STAFF at a Scottish space company are helping to inspire the next generation of talented engineers and technicians by sharing knowledge with school children across the country.
Edinburgh-based Skyrora has signed up to the STEM Ambassador Programme which aims to teach youngsters more about science, technology, engineering and maths – often referred to as the STEM subjects.
Three Skyrora staff members have already travelled to speak to Brownies in Newport as well as schoolchildren in Cornwall about engine testing plans.
They will also speak to a class at Edinburgh University about their work as well as school children across the east of Scotland with the aim of opening a door to a world of opportunity that pupils may not have been aware of.
The firm is committed to developing and attracting the next wave of talent to the industry and staff will support teachers in classrooms by giving presentations on their work.
Derek Harris, Business Ops Manager at Skyrora, said: “We all love what we do for a living and we’re passionate about inspiring the next generation to get as much enjoyment from their working life as we do.
“Therefore we were keen to join the STEM Ambassador Programme and myself along with Katie Miller and Becky Morris from our team will be going out to schools to tell them a little bit more about what we do.
“We’re always keen to show that there are many routes to get into your dream job so I’m hoping it’ll be great for the children to hear a little bit about our stories which might inspire them to try something they hadn’t previously considered.”
There are more than 30,000 ambassadors on the programme with 2,000 alone in the east of Scotland.
60% of the ambassadors are under the age of 35 and work with youngsters from three years old up to the age of 18.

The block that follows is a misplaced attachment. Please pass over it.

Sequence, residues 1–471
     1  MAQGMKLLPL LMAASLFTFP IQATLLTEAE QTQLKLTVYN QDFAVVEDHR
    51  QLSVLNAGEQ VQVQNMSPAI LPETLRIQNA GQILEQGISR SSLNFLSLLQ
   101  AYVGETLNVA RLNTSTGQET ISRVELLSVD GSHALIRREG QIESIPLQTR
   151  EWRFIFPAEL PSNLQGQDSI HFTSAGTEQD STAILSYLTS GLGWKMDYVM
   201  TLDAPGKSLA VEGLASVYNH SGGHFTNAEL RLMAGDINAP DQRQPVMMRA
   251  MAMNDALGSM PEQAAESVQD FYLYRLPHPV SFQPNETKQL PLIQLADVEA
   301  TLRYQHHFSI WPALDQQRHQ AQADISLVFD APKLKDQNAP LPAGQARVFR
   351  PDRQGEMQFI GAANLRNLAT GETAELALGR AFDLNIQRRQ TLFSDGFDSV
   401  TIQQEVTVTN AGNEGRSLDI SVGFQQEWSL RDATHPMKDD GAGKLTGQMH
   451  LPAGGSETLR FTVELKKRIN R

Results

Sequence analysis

Kevin McKeever, Director at STEM East, said: “Skyrora got in touch with us as it was very keen to get employees signed-up as STEM ambassadors on the programme we run.
“We have ambassadors of all ages and experience who open up a world of opportunity to young people and help support teachers with some real world experience.
“The programme is funded by the UK government and as Skyrora is based in Edinburgh, its ambassadors will help people in the local area more aware about what it does and how to follow a similar career.”
Skyrora’s rapidly growing Edinburgh-based team aims to capture its share of the fast-growing small satellite launch market and has already created two separate prototype engines, one of which will be used to propel the vehicle’s upper stage and is scheduled for testing at Cornwall Airport Newquay later this year.
It is developing launch vehicle technology that builds on previous rocket systems with the aim of reducing the cost of launches thanks to proven technology and advanced engineering methods.
The firm draws on Britain’s launch heritage and aims to build a robust supply chain while creating new employment opportunities to inspire the next generation of talent.